October 1book140 Shortlist: Scary Reads


Hello Bookies!!! It's time to vote for our second annual Scary Book Read-Along. As most of you know, I've been largely absent from the group for the last few months. Unsurprisingly (and to my great relief), that hasn't slowed anyone down. 

These are the #1book140 community's choices for the October shortlist, summarized from the noms page and the hashtag discussion. We hope that it will be a horrifically chilling discussion in October at the #1book140 hashtags.

Click here to vote or use the pop-up module on the page. Polls close Friday at 5 pm Eastern.

The City, The City by China Mielville. Longtime bookie @CarolJago says: "[This book] is a truly terrifying tale of one geographical city that is shared by two populations that are invisible to one another. Sound like a familiar nightmare? A compelling, powerful novel. I couldn't put it down."

Horns by Joe Hill. We love Joe Hill and his books are scaaaaaary. In a nutshell it's a tale of a hell of a hangover, literally! [Ed's Note: You'll remember we read Joe's Heart-Shaped Box last year, and had a rollicking good time of it. Not an endorsement; just a reminder.]

Zone One by Colson Whitehead. Whitehead has agreed to participate in our discussion should we choose his book. It's a different take on the zombie apocalypse. "Whitehead's recent article in the New Yorker concerning his childhood fascination with 50s B-grade horror and sci-fi really illuminated how Whitehead--as "literary" a writer as any you'll find on shelves--is influenced by 'genre' writing," writes bookie Greg Cwik. "As with Chabon and Lethem, pulp fiction and low-to-middle-brow art seeps into Whitehead's work; he doesn't really transcend genre, but rather uses it like a vessel to get at social criticism and cultural observations; an atomic-age flaneur, perhaps?" 

House of Leaves by Mark Z. Danielewski. This title's nominator, @Velveetahead, said that "this book is bizarre, mind-bending (a second story takes place in the footnotes) and parts of it are scary as hell!" [Ed's Note: We like "scary as hell." In fact, one might argue it's a crucial element in the "scary book" formula.]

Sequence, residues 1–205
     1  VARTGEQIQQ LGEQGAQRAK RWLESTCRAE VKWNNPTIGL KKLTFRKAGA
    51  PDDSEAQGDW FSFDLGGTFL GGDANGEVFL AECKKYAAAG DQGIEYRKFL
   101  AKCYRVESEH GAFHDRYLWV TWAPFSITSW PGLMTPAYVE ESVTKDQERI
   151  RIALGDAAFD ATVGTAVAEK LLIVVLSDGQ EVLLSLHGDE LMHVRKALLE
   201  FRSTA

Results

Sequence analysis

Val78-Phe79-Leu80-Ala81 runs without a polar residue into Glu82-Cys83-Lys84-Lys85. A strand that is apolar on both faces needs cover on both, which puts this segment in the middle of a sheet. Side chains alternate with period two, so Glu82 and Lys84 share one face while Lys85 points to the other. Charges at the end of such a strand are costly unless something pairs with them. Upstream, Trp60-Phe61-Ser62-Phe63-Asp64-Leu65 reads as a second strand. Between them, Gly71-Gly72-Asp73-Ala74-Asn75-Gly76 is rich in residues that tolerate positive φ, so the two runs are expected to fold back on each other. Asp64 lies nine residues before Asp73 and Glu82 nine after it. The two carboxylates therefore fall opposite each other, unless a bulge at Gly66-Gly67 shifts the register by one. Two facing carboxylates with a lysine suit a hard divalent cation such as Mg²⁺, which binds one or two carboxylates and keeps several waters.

The Woman in Black by Susan Hill. It's an old-fashioned ghost story set in England with the haunting ambience, unforgettable characters, and vengeful spirits that define the genre. It's the basis of the recent movie of the same name starring Daniel Radcliffe of Harry Potter fame. 

The Haunting of Hill House by Shirley Jackson. @DemonLover, this title's nominator, tells us that this title is "a little older, no gore and guts. Simply brilliant." And @billward79 says that he "participated in that side read last year, and would read again. It packs an emotional punch, even without the 'gore and guts' .... I found it more 'literary fiction' than 'genre fiction', if those labels even matter." [Ed's Note: I read it last year, too, as did many bookies. A great book, but we might want to pick an entirely new read this year.] 

We hope that it will be a horrifically chilling discussion in October at the #1book140 hashtags.

Presented by

Jeff Howe is a professor of journalism at Northeastern University in Boston and a former Nieman Fellow at Harvard. He helps run @1book140, The Atlantic's Twitter book club. More

Jeff Howe is a professor of journalism at Northeastern University in Boston, Massachusetts and a former Nieman Fellow at Harvard University. He previously worked as a contributing editor at Wired Magazine, where he covered the media and entertainment industries. In June 2006 he published "The Rise of Crowdsourcing" in Wired. In September 2008 he published a book on the subject for Random House. The book has been translated into 11 languages. Before coming to Wired in 2001 he was a senior editor at Inside.com and a writer at the Village Voice. In his 20 years as a journalist he has traveled around the world working on stories ranging from the impending water crisis in Central Asia to the implications of gene patenting. He has written for Time, U.S. News & World Report, The Washington Post, Mother Jones and numerous other publications. He lives in Cambridge with his wife and two children.

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